Axiom Verge is an excellent 2D action-adventure game full of nostalgia for those familiar with the genre. The visuals are both retro and modern at the same time combining familiar 2D sprites with subtle touches of 3D and particle systems among the classic SNES style.
Developer: Tom Happ
Platform: PS4 (PS Vita w/ cross buy coming soon)
MonsterVine was supplied with a PS4 code for review
It is impossible to play Axiom Verge without making direct comparisons to Nintendo’s Metroid series. Every element of Axiom Verge is seemingly dripping with homage, to the point at which someone who doesn’t know any better would assume it is simply a new game within the Metroid universe.
Axiom Verge sets up a story revolving an accident at a laboratory in New Mexico which transports the main character, a scientist named Trace, to a strange land. This land has mysterious beings guiding Trace to help restore order to their world. The narrative is very mysterious and had me interested in the world, chomping at the bit for every clue I could find to learn more. Luckily the game has a good amount of collectibles that offer clues. Knowing which areas have these items, and how to get back to them once the right gear has been acquired can be difficult thanks to a frustrating map.
Maybe I have been spoiled by the in-game map systems of the modern games in this genre, but I found Axiom Verge’s map to be extremely frustrating. The layout and colors will be familiar to you if you have played a Metroid game, but the maps in Axiom Verge lack some very basic options that have been around since Super Metroid launched 21 years ago. Zoom options, barrier types (like green & pink doors in Super Metroid) and areas of interest are all missing from the map system. The area layouts are complicated in Axiom Verge and determining which areas are dead-ends and which have yet to be explored are only differentiated by a thin white line. I frequently overlooked an area that I needed to visit in order to progress the story, and this became an increasing issue as I approached the endgame. I frustratingly spent combined hours retreading previously explored areas trying to find a place that I knew I had seen before, but was unsure which unexplored section contained the next path. I appreciate not having my hand held with onscreen indicators constantly pestering me with an obvious objective marker, but having to carefully eye the map for the right place, spending a chunk of time travelling and then discovering it’s still the wrong. I like the forced exploration in Axiom Verge, I wish that finding my way around previously explored areas was more streamlined.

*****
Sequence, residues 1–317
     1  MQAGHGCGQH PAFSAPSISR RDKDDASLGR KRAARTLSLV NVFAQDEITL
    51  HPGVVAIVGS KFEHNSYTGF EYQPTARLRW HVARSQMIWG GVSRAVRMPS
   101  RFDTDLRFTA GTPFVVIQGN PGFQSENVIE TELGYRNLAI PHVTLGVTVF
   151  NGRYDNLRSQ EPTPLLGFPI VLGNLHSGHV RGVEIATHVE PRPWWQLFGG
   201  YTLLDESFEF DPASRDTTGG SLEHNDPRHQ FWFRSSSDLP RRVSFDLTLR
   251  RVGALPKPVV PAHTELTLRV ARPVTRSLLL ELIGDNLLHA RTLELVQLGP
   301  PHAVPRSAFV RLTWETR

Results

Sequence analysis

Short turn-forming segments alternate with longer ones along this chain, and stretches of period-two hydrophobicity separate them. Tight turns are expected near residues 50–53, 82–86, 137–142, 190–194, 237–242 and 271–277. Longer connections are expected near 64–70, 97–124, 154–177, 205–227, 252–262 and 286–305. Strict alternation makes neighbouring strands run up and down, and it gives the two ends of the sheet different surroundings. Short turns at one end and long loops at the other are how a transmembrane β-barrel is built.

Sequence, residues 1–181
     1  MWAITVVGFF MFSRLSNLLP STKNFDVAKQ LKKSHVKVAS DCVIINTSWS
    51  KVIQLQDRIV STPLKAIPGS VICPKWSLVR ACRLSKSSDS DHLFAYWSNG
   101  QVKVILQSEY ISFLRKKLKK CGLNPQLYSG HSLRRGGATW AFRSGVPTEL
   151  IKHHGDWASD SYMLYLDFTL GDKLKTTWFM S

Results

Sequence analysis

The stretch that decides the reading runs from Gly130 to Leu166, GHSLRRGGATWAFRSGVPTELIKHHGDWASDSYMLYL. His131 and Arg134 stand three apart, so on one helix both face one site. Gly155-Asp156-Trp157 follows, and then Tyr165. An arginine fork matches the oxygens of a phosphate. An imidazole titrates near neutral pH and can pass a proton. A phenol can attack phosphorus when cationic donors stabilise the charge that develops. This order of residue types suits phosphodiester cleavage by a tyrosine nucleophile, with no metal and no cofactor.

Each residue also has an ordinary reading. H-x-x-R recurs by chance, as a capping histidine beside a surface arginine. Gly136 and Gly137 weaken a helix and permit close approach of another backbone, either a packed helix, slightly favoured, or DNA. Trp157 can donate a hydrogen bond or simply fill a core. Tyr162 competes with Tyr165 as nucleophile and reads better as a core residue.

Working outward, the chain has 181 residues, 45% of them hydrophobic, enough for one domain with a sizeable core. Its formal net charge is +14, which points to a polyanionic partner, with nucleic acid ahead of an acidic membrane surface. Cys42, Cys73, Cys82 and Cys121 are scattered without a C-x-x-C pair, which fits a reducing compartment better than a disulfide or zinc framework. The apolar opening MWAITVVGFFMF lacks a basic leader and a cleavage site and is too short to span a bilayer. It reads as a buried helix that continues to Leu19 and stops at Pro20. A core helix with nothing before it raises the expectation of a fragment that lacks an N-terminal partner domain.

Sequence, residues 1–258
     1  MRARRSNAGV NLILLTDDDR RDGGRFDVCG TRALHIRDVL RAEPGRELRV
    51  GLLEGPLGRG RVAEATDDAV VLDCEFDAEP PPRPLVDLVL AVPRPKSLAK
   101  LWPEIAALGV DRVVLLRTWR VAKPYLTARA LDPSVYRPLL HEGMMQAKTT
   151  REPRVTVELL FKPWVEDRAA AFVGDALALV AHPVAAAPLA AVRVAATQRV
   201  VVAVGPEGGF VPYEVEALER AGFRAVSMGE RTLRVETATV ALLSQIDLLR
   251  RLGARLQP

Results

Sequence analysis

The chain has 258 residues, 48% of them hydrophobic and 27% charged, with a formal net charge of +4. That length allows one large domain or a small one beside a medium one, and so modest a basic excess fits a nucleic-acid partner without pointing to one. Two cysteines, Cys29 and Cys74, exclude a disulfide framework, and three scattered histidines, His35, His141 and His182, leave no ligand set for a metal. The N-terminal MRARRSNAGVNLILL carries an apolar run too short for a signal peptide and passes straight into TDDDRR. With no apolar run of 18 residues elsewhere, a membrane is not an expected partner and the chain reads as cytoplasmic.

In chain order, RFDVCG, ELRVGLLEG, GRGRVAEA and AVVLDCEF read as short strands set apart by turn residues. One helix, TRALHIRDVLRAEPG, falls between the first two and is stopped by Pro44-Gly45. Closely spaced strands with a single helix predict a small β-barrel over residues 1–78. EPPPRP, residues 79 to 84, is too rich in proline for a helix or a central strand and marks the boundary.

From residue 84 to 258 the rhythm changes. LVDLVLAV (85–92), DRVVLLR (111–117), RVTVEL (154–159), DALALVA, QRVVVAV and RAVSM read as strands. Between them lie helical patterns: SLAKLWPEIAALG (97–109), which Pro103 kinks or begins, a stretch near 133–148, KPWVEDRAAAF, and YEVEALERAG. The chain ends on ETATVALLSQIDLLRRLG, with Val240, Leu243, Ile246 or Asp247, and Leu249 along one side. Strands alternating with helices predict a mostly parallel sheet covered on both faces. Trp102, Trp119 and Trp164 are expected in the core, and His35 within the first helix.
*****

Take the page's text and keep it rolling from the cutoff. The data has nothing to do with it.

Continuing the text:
It wouldn’t be a proper side-scrolling, 2D action-adventure without plenty of upgrades, and Axiom Verge has plenty. By the end of my playthrough I had unlocked a dozen different weapons, each with a unique style and approach to tackle enemies. If you are having trouble getting through a certain type of enemy, try using a different weapon and remember to use all of your earned skills. Hidden among the variety of weapons and gear also are upgrades for projectile size, strength and range. These upgrades give a sense of power, and make the enemies from the beginning of the game a non-issue.
After couple of hours in, Axiom Verge makes things clear through gameplay: This isn’t a Metroid game. To see Axiom Verge to the end you are going to need to approach situations with different tactics.
These different tactics required come into play once Trace gets access to specific set of upgrades that let him alter the world around him. For the lack of a better term, Trace is equipped with glitch ray that interacts with the environment and modifies enemies.
There are critical exploration moments that come into play that require these glitching abilities. Take this as an example: A ground like mushroom is blasting spore like enemies into the air. They float upwards to adjacent platforms which are triple the height of Trace’s jumping ability. Touching these spores causes damage, and Trace to fall down. After blasting the spores with the glitch gun they become neutralized, floating platforms with a new glitched art style which Trace can ride up to his destination.
The glitch gun reacts differently to each enemy. In some cases it increases the hit-box of smaller enemies making them easier to destroy, while in other cases it makes larger enemies more agitated with a smaller hit-box. I found poking and prodding the systems a lot of fun, and accidentally found my way into some secret areas by glitching the enemies around me. In addition to the glitch gun, Trace also gets the ability to glitch his way through walls opening up new ways to approach previous areas and allowing access to new zones I had been previously clueless as to how to explore.
These mechanics are new and exciting. The further I progressed, the more creative and powerful I felt when successfully solving the exploration puzzles through designed glitching.
The Final Word
I have been waiting, and craving a game like Axiom Verge and it delivers in almost every way. The glitch style gear and weapons had me rethinking how I play as I progressed and delivered a strong sense of pride when I discovered a new technique. Despite the frustrating map system, I loved being in the world that Tom Happ created and the mysterious story it is wrapped in. If you like 2D Metroid games you are sure to enjoy Axiom Verge, even though it does have you over exploring familiar territory.
– MonsterVine Rating: 4.5 out of 5 – Great